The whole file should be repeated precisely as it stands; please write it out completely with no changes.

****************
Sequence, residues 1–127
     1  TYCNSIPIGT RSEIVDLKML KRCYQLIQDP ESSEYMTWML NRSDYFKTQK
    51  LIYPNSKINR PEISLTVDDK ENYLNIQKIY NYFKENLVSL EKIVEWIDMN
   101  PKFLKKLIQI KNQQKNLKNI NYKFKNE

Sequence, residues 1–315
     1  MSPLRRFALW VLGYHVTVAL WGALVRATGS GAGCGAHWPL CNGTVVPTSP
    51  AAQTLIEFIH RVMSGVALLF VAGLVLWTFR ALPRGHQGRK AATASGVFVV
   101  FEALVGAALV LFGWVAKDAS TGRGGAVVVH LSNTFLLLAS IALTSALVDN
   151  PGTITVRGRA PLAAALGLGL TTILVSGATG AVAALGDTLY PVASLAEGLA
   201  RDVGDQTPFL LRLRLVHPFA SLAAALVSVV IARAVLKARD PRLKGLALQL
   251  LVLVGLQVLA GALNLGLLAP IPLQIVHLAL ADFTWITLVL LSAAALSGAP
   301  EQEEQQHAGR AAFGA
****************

Sequence, residues 1–127
     1  TYCNSIPIGT RSEIVDLKML KRCYQLIQDP ESSEYMTWML NRSDYFKTQK
    51  LIYPNSKINR PEISLTVDDK ENYLNIQKIY NYFKENLVSL EKIVEWIDMN
   101  PKFLKKLIQI KNQQKNLKNI NYKFKNE

Sequence, residues 1–315
     1  MSPLRRFALW VLGYHVTVAL WGALVRATGS GAGCGAHWPL CNGTVVPTSP
    51  AAQTLIEFIH RVMSGVALLF VAGLVLWTFR ALPRGHQGRK AATASGVFVV
   101  FEALVGAALV LFGWVAKDAS TGRGGAVVVH LSNTFLLLAS IALTSALVDN
   151  PGTITVRGRA PLAAALGLGL TTILVSGATG AVAALGDTLY PVASLAEGLA
   201  RDVGDQTPFL LRLRLVHPFA SLAAALVSVV IARAVLKARD PRLKGLALQL
   251  LVLVGLQVLA GALNLGLLAP IPLQIVHLAL ADFTWITLVL LSAAALSGAP
   301  EQEEQQHAGR AAFGA